Patch Set 15.3/14.9 Skyrockets Performance!

This result deserves truly a big applause. Oracle development worked closely together with Microsoft engineers to boost Open UI performance. With IP15.3/14.9 a complete overhaul of the List Applet renderer has been delivered. This went into the release quite silent, with no notice in the patch set’s release notes. The improvements were focused to give a boost for Internet Explorer, but the improvement is evident for Chrome (hence other browsers, including Edge) too!

Without more wording, just have a look at the results! These results are just amazing. We can safely say that Open UI will come close or exceed what you have ever experienced with High Interactivity clients. Think of the improvement it will make on mobile deployments for tablets… Skyrocketing performance.


– Jeroen


Siebel Open UI – First Encounter With Edge

Windows 10, exciting enough? The atmosphere around Windows 10 is quite positive if you read the many articles which have been written. So, yesterday I took up the glove and downloaded the Windows 10 .iso file and today I created my first Windows 10 Virtual Box image. Without any pain, smoother than you can imagine. Click, click, click, done!

After having played around a bit, I decided to copy my Demo Quick Start environment across. That is the local dedicated client environment I often use, when I do not need a beefed-up server virtual machine.

Of course, there was one major reason for doing this: taking Edge to the test. My Demo Quick Start environment was functional without any pain. Well, that means for Internet Explorer it was working immediately! Since Edge is the default browser, I reckoned removing the /b (browser) switch should be enough to launch Siebel using the Edge browser. Wrong.

Luckily Richard from the SiebelHub faced the same issue. And the simple workaround would be to open Siebel in either Internet Explorer (or Chrome), then launch Edge and copy/paste the Siebel URL in that browser. Et voilá, works like a charm (as workaround then). Do not close the other browser, otherwise the Siebel client will be closed too.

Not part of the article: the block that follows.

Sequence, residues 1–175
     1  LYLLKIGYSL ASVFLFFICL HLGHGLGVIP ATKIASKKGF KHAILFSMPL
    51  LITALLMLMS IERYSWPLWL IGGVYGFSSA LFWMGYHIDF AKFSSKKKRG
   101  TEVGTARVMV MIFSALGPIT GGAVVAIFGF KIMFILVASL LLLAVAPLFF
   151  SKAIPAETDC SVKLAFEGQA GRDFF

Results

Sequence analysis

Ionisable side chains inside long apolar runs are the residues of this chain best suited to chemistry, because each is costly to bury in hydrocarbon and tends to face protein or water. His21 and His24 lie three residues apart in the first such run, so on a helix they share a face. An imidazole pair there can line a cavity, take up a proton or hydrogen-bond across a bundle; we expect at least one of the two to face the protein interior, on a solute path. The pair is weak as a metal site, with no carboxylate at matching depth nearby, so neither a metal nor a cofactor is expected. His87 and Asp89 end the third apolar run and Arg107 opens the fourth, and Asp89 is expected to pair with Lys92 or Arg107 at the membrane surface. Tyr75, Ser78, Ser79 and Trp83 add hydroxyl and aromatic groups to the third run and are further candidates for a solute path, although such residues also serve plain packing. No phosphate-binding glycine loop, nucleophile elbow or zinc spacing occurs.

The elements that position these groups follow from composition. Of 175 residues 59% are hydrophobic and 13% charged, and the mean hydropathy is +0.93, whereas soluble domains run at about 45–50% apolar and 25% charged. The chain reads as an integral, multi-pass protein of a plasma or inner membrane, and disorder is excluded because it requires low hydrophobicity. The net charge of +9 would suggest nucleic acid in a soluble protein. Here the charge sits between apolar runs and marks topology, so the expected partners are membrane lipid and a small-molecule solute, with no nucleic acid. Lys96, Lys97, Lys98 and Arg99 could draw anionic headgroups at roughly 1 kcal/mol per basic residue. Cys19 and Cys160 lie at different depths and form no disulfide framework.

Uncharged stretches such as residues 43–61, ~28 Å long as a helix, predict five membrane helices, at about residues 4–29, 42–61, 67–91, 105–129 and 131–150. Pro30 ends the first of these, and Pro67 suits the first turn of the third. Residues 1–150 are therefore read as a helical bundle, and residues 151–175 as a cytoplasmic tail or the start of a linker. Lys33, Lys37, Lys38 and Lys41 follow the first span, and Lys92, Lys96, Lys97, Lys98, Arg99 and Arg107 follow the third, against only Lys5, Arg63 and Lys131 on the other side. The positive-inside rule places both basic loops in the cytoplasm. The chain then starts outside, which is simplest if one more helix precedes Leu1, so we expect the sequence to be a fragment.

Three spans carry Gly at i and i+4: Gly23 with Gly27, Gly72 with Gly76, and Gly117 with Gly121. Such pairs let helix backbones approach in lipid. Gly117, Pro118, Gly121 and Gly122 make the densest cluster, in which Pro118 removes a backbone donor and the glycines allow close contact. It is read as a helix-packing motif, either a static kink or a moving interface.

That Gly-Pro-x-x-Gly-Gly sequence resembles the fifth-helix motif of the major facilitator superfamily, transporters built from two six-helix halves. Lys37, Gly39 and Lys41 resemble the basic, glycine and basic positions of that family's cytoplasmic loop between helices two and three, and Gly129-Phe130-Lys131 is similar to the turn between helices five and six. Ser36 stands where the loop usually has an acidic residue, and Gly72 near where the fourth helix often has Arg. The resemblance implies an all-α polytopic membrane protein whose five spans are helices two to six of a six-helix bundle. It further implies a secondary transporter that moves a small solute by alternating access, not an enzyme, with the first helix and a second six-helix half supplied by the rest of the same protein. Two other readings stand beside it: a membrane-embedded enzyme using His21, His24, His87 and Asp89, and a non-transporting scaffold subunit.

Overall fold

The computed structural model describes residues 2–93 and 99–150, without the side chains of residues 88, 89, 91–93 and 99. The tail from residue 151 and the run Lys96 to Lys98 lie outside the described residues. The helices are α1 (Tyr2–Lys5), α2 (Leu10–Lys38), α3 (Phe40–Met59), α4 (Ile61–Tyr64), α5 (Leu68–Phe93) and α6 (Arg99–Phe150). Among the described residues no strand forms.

Next I installed Chrome as well on the virtual machine, and was ready to run my usual performance benchmark test. Expectations are high, because while browsing with Edge some web sites it seems to behave pretty well. Added to this those recent positive benchmarks for Edge.

My joy changed into disappointment quickly. In this test Edge did not outperform even its neighbor. Really, it just behaving very similar to Internet Explorer. That means sluggish. Alright, back to Chrome. Immediately you get that feel of ‘souplesse’ back. Could it be Edge is so sluggish because it has Internet Explorer running in the background? Or does Virtual Box has a dramatic influence? Definitely it requires some more testing, but initial signs are not favoring Edge. Unfortunately.


– Jeroen

Siebel OUI: Windows 10 + Edge – Ultimate Replacement For IE?

The team at have produced a nice & updated comparison between the Edge browser which comes with Windows 10 and the usual suspects, Internet Explorer, Chrome and Firefox. Using the most common benchmarks. While I personally have little trust in Sunspider for obvious reasons from the past, apparently Edge performs particularly well according to Octane 2.0 too.


It will definitely take a while before enterprise customers will move to Windows 10. The good thing is that Windows 10 will ship with Internet Explorer as well as the Edge browser.

Although Edge is brand-new, according to the HTML5Test it is still quite a bit behind on the competition. So less innovation than expected? This requires digging into a bit deeper at a later moment.

Anyways, eager to upgrade my Windows 8.1 laptop to 10 in the coming days 🙂

– Jeroen